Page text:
19 October 2006

Macrobia 3

Lieutenant Richard Lee Jones was 48 years of age and looked 30. He had never been sick a day in his life, and never passed up the opportunity to say so. Yet, every year, for one week, like clockwork, he contracted a fairly bad cold but never called it an actual sickness. He never used a sick day in his 15 years at the Bionomics Division of the NSA. He loved being in control. Every day he rose at precisely 5:50 AM and immediately started the coffee maker. Then he drank 8 ounces of water chilled to exactly 40 degrees F. At 6:00 AM, he took off the coffee, ate breakfast, brushed his teeth, used the bathroom, dressed for work, and departed his townhouse at 6:35 AM. 6:50 AM found him parking in spot 5A of the NSA parking lot and 6:59 AM found him scanning himself for another day of people monitoring. Or primed, prepped, and prepared for people-monitoring in the official NSA lingo.
Life in the early days of the Bionomics Division, was not always popular. For years a large segment of the Amexicada, or the USA as it was then called, fought against the perceived invasion of privacy the V-chips conferred. In time, like the now defunct credit card that preceded them, it evolved into a practical necessity. 15 years later, the Amexicadan Parliament passed the V-chip amendment, which required all citizens to have the microchip inserted into their body by the year 2015. Now, while it was not a criminal offense to be unchipped, it was so necessary to day-to-day life, that one was held to be a criminal if found without it. (It was criminal to be unchipped in some regions of Amexicada.)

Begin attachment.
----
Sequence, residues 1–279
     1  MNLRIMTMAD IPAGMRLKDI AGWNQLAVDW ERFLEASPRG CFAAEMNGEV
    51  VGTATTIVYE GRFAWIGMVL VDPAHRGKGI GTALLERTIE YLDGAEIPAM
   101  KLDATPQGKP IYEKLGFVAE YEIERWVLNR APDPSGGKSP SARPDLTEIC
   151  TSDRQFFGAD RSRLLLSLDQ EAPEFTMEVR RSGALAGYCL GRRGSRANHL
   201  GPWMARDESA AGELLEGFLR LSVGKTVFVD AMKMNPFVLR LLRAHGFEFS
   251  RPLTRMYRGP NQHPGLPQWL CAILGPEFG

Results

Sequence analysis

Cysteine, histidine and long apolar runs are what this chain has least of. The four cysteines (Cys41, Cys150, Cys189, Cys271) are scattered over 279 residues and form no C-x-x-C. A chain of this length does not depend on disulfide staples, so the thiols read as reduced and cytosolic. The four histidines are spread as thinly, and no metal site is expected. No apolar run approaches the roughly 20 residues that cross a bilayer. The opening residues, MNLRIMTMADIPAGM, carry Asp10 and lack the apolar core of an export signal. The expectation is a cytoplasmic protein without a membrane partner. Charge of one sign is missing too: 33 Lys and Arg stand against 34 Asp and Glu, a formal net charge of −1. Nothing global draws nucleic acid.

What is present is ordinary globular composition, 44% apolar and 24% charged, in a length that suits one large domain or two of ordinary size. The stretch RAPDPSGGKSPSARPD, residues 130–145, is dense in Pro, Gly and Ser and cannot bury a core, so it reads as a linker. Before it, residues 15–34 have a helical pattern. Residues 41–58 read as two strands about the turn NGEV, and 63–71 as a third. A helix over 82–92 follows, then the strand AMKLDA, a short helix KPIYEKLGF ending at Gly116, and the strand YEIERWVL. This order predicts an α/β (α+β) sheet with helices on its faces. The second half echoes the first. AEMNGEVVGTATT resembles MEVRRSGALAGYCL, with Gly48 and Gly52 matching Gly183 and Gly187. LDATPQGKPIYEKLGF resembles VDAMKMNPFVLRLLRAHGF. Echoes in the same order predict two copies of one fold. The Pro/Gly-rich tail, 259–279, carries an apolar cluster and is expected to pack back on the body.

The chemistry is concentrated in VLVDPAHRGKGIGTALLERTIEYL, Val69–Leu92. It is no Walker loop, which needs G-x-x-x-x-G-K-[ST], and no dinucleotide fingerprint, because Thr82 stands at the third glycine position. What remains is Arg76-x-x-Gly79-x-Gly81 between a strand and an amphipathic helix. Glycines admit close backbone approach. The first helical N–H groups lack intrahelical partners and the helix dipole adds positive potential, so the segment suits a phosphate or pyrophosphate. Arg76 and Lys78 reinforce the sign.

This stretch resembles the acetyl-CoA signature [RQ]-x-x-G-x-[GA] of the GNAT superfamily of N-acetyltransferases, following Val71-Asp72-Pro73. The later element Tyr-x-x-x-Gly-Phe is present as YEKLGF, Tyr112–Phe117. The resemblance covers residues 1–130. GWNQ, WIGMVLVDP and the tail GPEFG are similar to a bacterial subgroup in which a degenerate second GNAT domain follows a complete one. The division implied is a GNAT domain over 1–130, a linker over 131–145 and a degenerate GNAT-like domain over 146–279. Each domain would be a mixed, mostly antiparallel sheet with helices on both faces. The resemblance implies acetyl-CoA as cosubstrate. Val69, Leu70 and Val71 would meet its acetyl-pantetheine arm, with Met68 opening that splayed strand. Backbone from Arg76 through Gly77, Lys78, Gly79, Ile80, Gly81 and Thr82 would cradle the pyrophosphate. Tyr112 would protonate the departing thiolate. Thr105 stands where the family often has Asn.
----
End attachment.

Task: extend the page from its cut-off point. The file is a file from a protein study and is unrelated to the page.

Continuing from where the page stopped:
Lt. Jones puzzled over how the man escaped. ‘What kind of electrical disturbance could cause the drone to break down?’ He wondered if the Velkladdaur knew he hadn’t quite told the truth in the matter. Truthfully, it had to be an electrical disturbance. There was no other explanation. 30 days.

* * *
“A.J. old boy, how are you?”
Michael wanted to crawl away and die. He rolled to his side and saw the face of a tall, thin, red-haired man with a beak of a nose staring at him.
“I thought you would be here. Helloooo A.J.” the red-head kicked Michael’s foot. “You awake or not?” He smiled and continued, “sleeping your life away?”
‘He doesn’t look like a sweep patroller,’ thought Michael. He crawled from under the jeep and looked at a man his own age that he had never seen before. ‘It would good to know knew in the world he was.’
“Come on. We’ve got to run,” said Red. “Are you ready to run?”